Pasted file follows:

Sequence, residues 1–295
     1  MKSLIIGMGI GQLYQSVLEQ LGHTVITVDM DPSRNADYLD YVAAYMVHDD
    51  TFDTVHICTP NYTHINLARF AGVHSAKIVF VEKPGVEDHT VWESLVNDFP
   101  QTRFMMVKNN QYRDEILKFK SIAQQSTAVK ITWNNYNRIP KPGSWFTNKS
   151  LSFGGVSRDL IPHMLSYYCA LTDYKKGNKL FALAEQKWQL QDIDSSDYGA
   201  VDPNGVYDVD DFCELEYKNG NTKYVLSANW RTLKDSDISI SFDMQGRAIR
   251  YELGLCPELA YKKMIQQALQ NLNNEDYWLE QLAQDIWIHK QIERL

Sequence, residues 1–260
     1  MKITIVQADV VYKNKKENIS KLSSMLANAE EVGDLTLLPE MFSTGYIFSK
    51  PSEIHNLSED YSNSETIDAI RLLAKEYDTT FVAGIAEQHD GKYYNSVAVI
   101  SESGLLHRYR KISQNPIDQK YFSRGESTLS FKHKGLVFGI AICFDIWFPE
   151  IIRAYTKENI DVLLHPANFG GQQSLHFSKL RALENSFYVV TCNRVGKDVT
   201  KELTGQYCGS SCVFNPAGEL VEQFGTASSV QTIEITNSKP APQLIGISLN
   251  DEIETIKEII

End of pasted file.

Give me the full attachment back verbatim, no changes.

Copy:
Sequence, residues 1–295
     1  MKSLIIGMGI GQLYQSVLEQ LGHTVITVDM DPSRNADYLD YVAAYMVHDD
    51  TFDTVHICTP NYTHINLARF AGVHSAKIVF VEKPGVEDHT VWESLVNDFP
   101  QTRFMMVKNN QYRDEILKFK SIAQQSTAVK ITWNNYNRIP KPGSWFTNKS
   151  LSFGGVSRDL IPHMLSYYCA LTDYKKGNKL FALAEQKWQL QDIDSSDYGA
   201  VDPNGVYDVD DFCELEYKNG NTKYVLSANW RTLKDSDISI SFDMQGRAIR
   251  YELGLCPELA YKKMIQQALQ NLNNEDYWLE QLAQDIWIHK QIERL

Sequence, residues 1–260
     1  MKITIVQADV VYKNKKENIS KLSSMLANAE EVGDLTLLPE MFSTGYIFSK
    51  PSEIHNLSED YSNSETIDAI RLLAKEYDTT FVAGIAEQHD GKYYNSVAVI
   101  SESGLLHRYR KISQNPIDQK YFSRGESTLS FKHKGLVFGI AICFDIWFPE
   151  IIRAYTKENI DVLLHPANFG GQQSLHFSKL RALENSFYVV TCNRVGKDVT
   201  KELTGQYCGS SCVFNPAGEL VEQFGTASSV QTIEITNSKP APQLIGISLN
   251  DEIETIKEII